3. Quang Ngai province, Vietnam: ATP erects awareness signboards for local communities living near the endemic Vietnamese Pond Turtle

SOURCE: - DATE: 4th October 2013

The Vietnamese Pond turtle (Mauremys annamensis) is endemic to Central Vietnam, and does not exist anywhere else in the world. Within Binh Son district, Quang Ngai province, a small, fragment population of the species survives making the site one of the only areas where the species still remains. With plans to establish a Species Habitat Conservation Area (SHCA) and Turtle Assurance Colony (TAC) for breeding and conservation, it is also a focal district for conservation. On the 3 rd of October 2013, two large awareness signboards were erected in prominent positions near markets in Binh Khuong and Binh Minh communes of Binh Son district. Additionally, fifteen small boards were hung in local schools, in the people's committee building and local culture houses. The signboards were developed by ATP and Education for Nature of Vietnam (ENV) to highlight the importance of the species and what local communities can do to help protect these rare, yet unique Vietnamese turtles.


4. Australia: Slow and steady for 50 years

DATE: 9th October 2013

Up to 70 people gathered in a marquee at the Ellen Brook Nature Reserve in Upper Swan (Western Australia) last week to celebrate the 50th anniversary of the No.4 Western Swamp Tortoise. The Western Swamp Tortoise is found only in a limited range on the Swan Coastal Plain and is Australia's most endangered reptile. No. 4 was marked on October 2, 1963, after the species, believed to be extinct, was rediscovered. “She was the fourth Western Swamp Tortoise to be tagged in the world, she was an adult then and now she is about 65 years old. She has apparently been breeding which is wonderful as she is so old,” Friends of the Western Swamp Tortoise chairperson Jan Bant said. Mr Albert Jacob, Environment Minister, said the State Government recently allocated $500,000 (10.542.500.000 VND) of State Natural Resource Management funding over three years to continue monitoring and implementing recovery action of the Western Swamp Tortoise.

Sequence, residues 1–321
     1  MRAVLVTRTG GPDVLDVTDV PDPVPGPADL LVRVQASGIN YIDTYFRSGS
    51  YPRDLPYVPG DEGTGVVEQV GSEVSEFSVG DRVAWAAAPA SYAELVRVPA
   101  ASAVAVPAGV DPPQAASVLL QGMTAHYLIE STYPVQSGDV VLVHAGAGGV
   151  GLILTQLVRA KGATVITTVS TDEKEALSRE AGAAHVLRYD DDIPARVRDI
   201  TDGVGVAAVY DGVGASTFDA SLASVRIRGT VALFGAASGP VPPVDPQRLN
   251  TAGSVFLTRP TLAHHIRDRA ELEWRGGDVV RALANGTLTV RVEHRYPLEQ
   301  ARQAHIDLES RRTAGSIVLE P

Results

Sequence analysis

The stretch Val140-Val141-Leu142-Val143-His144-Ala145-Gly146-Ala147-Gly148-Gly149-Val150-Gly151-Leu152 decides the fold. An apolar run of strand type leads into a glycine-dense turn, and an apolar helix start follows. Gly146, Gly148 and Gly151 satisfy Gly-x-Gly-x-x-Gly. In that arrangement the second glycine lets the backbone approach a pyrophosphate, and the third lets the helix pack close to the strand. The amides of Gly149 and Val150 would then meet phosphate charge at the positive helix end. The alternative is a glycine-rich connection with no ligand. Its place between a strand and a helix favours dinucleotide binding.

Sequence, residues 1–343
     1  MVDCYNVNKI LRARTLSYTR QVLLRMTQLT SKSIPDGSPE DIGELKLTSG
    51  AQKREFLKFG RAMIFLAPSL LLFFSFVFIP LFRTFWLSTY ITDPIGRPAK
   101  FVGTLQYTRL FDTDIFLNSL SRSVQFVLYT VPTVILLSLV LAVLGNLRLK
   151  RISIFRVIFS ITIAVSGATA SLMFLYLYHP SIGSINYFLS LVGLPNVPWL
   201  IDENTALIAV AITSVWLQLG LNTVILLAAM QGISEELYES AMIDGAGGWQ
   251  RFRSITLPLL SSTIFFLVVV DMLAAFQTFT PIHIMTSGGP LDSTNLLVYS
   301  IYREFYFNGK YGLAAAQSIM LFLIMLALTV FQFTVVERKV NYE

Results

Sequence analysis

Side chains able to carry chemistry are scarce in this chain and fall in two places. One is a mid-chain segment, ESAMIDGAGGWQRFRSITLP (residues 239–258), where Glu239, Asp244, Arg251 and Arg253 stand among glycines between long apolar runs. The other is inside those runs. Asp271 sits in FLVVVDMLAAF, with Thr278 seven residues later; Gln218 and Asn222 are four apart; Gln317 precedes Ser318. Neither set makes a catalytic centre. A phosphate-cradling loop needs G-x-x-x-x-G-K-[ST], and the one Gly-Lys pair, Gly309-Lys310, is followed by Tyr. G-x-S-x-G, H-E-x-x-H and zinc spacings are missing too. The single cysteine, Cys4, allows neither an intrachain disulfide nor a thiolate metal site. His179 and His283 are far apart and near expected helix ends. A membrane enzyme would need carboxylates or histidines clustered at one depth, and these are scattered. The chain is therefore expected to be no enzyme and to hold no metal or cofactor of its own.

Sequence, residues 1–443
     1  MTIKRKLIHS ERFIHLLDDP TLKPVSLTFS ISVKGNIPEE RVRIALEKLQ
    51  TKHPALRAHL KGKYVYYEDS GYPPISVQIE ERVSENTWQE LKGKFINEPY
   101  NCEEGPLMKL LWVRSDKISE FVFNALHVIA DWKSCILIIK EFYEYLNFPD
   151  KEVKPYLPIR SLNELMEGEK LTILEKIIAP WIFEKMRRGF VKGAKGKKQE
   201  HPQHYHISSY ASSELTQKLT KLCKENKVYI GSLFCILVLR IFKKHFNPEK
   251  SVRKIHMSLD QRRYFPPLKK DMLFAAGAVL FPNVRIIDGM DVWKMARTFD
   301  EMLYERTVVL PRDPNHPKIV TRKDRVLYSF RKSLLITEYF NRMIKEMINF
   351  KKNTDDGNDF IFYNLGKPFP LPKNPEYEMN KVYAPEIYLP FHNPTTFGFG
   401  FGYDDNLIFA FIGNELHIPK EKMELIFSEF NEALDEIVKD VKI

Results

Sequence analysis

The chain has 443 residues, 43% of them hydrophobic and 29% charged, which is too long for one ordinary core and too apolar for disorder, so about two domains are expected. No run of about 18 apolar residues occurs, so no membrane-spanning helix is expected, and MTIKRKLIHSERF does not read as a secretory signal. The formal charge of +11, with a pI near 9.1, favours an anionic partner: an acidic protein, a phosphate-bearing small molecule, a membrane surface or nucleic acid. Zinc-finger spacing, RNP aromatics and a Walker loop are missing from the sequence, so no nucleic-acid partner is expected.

Link to this web article online (English)


5.  Hai Phong city, Vietnam: Large amount of ivory and turtle shell seized

DATE: 8th October, 2013

On the 3rd of October, the Customs Department at Hai Phong port KV3 inspected a shipment of the Hai Phong Trade Services and Import-Export Limited Company and found more than 2 tons of ivory and hawksbill sea turtle shells (Eretmochelys imbricata). The bill of lading said that the shipment contained “processed seashells”. The case is now being further investigated.

Link to this web article online (Vietnamese)

© AFP/Getty Images


6. An Giang province, Vietnam: Sea turtle released back to the sea

Follow-up Bulletin No. 99

SOURCE: – DATE: 6th October 2013

Mr Nguyen Thanh Sang (An Giang province, Vietnam), in early 2013, had caught a green sea turtle (Chelonia mydas) and successfully taken care of it with the food for soft-shell turtles. A newspaper reported that the An Giang Department of Fishery Resources Protection had visited Mr Sang and identified the turtle as one of the five endangered sea turtle species listed on the Red List of Vietnam. As suggested by the authorities, Mr Sang agreed to release the turtle in Ha Tien town of Kien Giang province.

Link 1 to this web article online (Vietnamese)

Link 2 to this web article online (Vietnamese)